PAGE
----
5. I have a Kindle Paperwhite, and use it a lot. Like others, I don’t just buy stuff from Amazon – I’ve got it loaded with lots of epub-formatted books, and some mobi ones, acquired hither and yon. I use Calibre for conversions, and to keep an archive of my own of what’s on the Kindle. It’s a very handy thing, with a screen that’s larger enough than my iPhone and smaller enough than my iPad to be in a particular comfort zone, and my gosh is the battery power nice. I also like the freedom from distractions sometimes when I just wanna read.

  6. Brad Torgersen writes about “un-customers”. I think he is talking about the Tor-boycott:

    “The voice that probably shouldn’t be taken seriously, is the un-customer: the guy who never bought you to begin with, and is liable to never buy you in the future — either because of taste, or because of politics, or some other damned thing — and who only came to your blog or your Twitter or your e-mail in-box in order to poke a stick in your eye. Such un-customers are common. Everybody has them. Doesn’t matter how big or small your creative business is. The un-customer is just in it to mess with you.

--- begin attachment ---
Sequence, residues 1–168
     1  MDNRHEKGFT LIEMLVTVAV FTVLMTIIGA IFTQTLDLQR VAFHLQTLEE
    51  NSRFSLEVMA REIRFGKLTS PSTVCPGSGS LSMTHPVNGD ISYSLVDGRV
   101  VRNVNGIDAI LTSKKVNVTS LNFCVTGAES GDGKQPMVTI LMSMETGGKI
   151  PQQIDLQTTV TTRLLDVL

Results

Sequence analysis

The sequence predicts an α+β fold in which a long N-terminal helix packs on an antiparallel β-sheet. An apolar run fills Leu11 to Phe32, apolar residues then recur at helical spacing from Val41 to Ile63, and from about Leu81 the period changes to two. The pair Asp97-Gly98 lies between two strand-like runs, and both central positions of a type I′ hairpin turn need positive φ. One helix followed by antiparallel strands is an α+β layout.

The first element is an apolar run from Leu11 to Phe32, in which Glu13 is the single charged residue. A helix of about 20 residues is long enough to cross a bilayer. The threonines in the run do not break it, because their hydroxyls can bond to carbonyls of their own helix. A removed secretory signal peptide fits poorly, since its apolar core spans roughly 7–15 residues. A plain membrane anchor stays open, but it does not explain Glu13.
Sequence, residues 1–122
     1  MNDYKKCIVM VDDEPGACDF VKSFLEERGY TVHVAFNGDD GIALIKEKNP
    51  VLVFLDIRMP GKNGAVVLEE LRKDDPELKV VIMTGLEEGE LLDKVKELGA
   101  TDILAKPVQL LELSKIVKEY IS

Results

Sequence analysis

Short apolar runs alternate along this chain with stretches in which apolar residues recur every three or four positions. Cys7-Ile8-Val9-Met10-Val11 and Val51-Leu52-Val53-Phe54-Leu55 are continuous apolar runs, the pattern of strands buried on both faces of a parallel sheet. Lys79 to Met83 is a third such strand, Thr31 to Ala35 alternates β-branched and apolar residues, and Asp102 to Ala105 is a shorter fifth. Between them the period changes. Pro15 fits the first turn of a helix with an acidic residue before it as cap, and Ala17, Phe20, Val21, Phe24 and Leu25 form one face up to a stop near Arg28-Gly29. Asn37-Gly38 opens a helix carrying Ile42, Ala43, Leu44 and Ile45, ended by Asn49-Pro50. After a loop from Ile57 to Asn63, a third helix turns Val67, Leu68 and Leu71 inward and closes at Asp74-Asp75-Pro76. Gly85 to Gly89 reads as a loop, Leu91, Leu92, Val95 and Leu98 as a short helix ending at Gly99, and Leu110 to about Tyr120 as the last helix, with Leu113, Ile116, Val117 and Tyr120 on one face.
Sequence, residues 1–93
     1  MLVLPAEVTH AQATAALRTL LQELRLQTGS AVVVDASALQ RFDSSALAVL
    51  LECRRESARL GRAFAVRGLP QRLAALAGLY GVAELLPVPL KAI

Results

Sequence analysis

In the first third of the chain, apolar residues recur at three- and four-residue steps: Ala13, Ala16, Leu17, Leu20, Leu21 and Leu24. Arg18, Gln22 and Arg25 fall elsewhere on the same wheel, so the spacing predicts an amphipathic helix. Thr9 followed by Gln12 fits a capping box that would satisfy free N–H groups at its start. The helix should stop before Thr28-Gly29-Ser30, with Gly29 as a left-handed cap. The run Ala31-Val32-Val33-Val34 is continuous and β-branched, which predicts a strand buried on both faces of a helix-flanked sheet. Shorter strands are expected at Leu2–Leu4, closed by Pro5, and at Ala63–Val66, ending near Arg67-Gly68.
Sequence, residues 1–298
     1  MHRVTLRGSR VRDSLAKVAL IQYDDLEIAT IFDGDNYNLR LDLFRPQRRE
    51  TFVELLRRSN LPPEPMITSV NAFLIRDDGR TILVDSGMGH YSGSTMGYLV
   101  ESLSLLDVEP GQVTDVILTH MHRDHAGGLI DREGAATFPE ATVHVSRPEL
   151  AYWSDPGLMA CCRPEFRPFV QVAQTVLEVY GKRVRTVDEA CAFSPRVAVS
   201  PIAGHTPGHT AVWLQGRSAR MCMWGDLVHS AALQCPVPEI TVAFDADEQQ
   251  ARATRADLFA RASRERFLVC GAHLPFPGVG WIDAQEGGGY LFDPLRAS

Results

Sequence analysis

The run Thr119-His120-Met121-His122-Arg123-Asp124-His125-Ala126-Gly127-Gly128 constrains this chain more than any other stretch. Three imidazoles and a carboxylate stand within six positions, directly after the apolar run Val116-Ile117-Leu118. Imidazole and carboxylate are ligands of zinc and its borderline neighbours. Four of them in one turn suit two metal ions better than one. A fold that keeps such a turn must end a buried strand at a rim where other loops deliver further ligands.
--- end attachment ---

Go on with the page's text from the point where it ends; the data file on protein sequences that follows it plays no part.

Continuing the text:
But what if the un-customer threatens to spread the word?

    That’s a somewhat different issue. Before the advent of the internet, un-customers didn’t have a lot of influence, nor much ability to negatively impact you. Now? Depending on who your un-customer is, (s)he might have a small army of social media followers, ready and willing to launch a bad press campaign — if the un-customer decides to make a stink.”